I’ve been in Japan since April 5th. I’m working and meeting with a number of different groups and stand as a witness to what’s unfolding here. I am working on behalf of The Berkana Institute, New Stories and the ALIA Institute. If you are receiving this e-mail, it is because you’re one of my friends and I think you may be interested. Please feel free to delete, or ask me to remove you from this list. I’ll appreciate your reflections and responses to what I write – you help me find my own center here, day-by-day. In turn, I pass them on to people here and will include them in the new website, with your permission. Your responses help us all in our learning.
Please visit www.resilientjapan.org <//www.resilientjapan.org/> , where earlier notes and eventually other resources are available. Also, please feel free to share these with others or invite them to join our listserve at //groups.google.com/group/resilient-japan/ <//groups.google.com/group/resilient-japan/>
My friend Val, from Elos Institute in Brazil wrote me recently:
I love your questions about what can be done right now, what are the possible solutions. Yesterday I attended a philosophy class and people’s perspectives about the world were so dark and hopeless… I immediately remembered of you and other people giving a step towards what you believe can be done to make things better. I would like to hear what are the things that are being done now. I remember wrote about an afternoon with Bob in which people wrote down the questions they wanted you to answer: it was very clear for me how this kind of conversation can make space for healing and care in a community. People are looking for inspiration and hope that the world is worthy and so are the human beings.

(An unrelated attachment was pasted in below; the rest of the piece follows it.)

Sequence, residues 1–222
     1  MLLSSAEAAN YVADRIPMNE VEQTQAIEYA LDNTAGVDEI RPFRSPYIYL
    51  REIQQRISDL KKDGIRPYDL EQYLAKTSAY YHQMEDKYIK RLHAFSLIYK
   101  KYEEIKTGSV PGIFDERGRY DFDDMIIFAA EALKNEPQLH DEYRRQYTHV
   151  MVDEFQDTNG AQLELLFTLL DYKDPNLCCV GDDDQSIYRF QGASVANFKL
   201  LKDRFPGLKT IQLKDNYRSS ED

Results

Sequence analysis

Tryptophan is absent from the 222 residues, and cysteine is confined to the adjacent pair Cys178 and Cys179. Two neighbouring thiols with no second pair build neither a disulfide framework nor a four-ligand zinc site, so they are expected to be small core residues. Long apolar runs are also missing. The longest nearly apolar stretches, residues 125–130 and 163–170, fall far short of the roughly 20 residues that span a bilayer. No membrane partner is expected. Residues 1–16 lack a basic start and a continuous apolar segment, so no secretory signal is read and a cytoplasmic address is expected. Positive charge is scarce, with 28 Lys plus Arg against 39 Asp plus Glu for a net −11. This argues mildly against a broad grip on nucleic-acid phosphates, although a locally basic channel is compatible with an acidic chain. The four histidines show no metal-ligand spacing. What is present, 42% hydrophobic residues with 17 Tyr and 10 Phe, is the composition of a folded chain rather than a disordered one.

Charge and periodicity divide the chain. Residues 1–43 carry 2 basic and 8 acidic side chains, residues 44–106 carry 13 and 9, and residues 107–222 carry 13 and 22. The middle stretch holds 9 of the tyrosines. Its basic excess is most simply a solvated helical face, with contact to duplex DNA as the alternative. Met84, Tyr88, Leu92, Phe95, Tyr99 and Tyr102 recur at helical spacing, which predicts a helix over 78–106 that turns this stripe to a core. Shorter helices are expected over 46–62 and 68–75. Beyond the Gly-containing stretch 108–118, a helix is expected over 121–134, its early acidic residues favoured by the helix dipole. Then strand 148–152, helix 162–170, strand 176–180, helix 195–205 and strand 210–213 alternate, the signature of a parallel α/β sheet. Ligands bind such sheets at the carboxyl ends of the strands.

Val asked that I write something for Elos’s newsletter for Warriors Without Weapons along these themes and I realized if might be something good to write for others as well.
Imagine waking up one morning to your normal life and its routines. Imagine that by day’s end, your normal life has vanished — toppled in an earthquake, washed away by a tsunami, hammered by invisible radiation. Or imagine that you’re in a downtown office building in Tokyo, ten miles from your home. The building sways back and forth and things begin to pile on the floor. Eventually it quiets and you make your way downstairs to the street which is dark, filled with people and cars, and the trains are no longer moving. Imagine you are hundreds of miles away and you begin to see horrific images on television. Where does one find hope?
One man, an executive at a television station in Shikoku, told me that the afternoon of 3.11 he was shaken to his core and was convinced that Japan must surely die that day. He could not imagine how life could continue. And yet it did.